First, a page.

Irony (Pt. 1)

OK, so this is going to be a three-part post. (It’s gonna be quite long and so I have to split it up into three parts to make it seem a bit shorter). Let me just start with a bit of background.

I’ve really wanted to talk about my inspiration for a while. I’m not talking about celebrities and people who will never know, I’m talking about people who have impacted me uniquely in my life and whom I have never forgotten, nor will ever forget. I have several reasons for this (these) post(s): firstly, the fact that there are so many people who contribute or have contributed to my life and make me the person who I am. There is a saying, “It takes a village to raise a child.”, with which I wholeheartedly agree. Secondly, sometimes we don’t appreciate or say thank you to certain people, and I think I really need to; thirdly, because I am really upset I didn’t have a chance to stay in contact with some of these people, but they’ve helped me nonetheless.

I was going through some of my old school reports from Primary School (I even found one from my Year 2 class!) and it just reminded me of all the wonderful teachers I had throughout the years. I’m going to try and get through Years 2 through to 4, but I promise, there’s a lot to get through.

Now, I’m not sure if I’m allowed to put people’s names online and stuff, but I won’t be saying the names of schools or their first names, so that’s OK I’m sure? (I certainly hope so…) Anyway, enough of my chatter. Let us begin.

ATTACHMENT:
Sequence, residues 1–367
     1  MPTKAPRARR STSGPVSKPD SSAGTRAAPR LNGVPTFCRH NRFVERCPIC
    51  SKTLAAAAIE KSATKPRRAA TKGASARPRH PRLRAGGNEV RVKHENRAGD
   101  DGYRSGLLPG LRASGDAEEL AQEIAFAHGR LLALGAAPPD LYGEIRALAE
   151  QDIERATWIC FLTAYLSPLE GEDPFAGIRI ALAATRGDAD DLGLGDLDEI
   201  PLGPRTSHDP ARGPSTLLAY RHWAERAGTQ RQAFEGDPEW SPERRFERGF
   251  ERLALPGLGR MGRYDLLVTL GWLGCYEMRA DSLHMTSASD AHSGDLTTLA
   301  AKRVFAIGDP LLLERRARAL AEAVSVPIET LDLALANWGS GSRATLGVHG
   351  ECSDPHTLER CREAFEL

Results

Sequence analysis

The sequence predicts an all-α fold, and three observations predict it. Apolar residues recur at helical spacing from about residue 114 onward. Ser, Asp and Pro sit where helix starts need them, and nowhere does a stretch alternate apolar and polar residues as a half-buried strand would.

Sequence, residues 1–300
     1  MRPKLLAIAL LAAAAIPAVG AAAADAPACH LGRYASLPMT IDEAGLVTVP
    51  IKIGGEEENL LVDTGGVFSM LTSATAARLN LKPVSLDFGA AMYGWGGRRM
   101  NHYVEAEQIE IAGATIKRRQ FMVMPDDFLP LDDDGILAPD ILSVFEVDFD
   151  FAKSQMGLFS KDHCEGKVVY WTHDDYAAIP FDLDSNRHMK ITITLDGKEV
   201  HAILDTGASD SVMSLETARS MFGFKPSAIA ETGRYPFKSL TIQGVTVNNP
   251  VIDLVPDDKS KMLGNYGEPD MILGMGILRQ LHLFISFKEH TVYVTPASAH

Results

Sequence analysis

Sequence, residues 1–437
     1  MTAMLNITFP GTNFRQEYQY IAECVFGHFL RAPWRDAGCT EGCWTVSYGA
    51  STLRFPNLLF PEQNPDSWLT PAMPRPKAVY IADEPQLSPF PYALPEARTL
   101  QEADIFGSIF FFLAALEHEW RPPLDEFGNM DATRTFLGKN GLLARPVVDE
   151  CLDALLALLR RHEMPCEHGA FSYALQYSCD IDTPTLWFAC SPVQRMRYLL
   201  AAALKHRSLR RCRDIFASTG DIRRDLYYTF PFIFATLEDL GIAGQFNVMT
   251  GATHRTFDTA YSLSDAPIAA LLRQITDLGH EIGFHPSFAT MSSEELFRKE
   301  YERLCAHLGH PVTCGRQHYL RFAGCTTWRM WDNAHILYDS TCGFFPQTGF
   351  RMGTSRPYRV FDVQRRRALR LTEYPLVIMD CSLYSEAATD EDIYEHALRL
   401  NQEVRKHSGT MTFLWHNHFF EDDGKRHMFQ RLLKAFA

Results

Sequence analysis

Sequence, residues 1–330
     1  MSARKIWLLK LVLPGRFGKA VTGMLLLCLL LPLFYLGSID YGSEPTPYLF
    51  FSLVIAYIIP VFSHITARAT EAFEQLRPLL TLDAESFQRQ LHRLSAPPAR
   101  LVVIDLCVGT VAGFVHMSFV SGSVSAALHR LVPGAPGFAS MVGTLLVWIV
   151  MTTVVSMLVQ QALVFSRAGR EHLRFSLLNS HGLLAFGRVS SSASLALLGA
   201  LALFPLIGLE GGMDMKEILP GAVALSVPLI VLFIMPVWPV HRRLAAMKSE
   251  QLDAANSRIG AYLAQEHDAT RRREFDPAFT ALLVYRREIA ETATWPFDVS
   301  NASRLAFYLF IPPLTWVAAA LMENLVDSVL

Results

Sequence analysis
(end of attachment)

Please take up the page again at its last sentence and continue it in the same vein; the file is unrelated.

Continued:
1. Year 2 – Mrs B

Mrs B hated me. I’m not even being funny, there was just something about me (I don’t know what!) that she didn’t like and she made my life at school an absolute misery. There’s so many memories I have of her… and NONE of them are good. LOL. So, we had these book levels right, which were like, colour-coded. I don’t remember many of the colours or the order, but all I remember was that brown was the highest level and she REFUSED to move me to brown. For what reason, I have no idea, because when we all did reading tests, I had the reading age of a 13-year-old in Year 2; there wasn’t really any valid reason for her to not move me up. But for whatever reason, she refused to. She also told my mother in several meetings that I was too self-confident and what she practically said was that I’d never amount to much.

I also remember one time, that we had a “Teddy-Bear Picnic” (we had to sing the song, I remember it so vividly that I still know the song) and we got to bring in our teddy bears. Me and my two friends (that was an issue, I was finding it difficult to make friends at school) were throwing our teddies across the circle at each other, and of course, we were children, we thought it was hilarious and lots of fun. But Mrs B decided that we were being rebellious, and so she took me and one of my friends to her office and gave us both letters to take home to our parents about our ‘bad behaviour’. (I’m also going to take this moment to call her a racist, because there were THREE of us throwing teddy bears, but only the two black children got taken to her office… and my other friend had started it as well!) Needless to say, we were terrified about what our parents might say and so… we attempted to flush our letters down the toilet.

It didn’t work out too well because I didn’t take the letter out of the plastic wallet.

You’re probably wondering why I’m mentioning her and all these not-very-nice moments after I’ve just done some long spiel about ‘inspiration’. Well, ironically, she was the person who helped to set everything else in motion. If it wasn’t for her being horrible to me, I may never have moved to my second Primary School and met all the amazing teachers that I did and had all the opportunities that I did.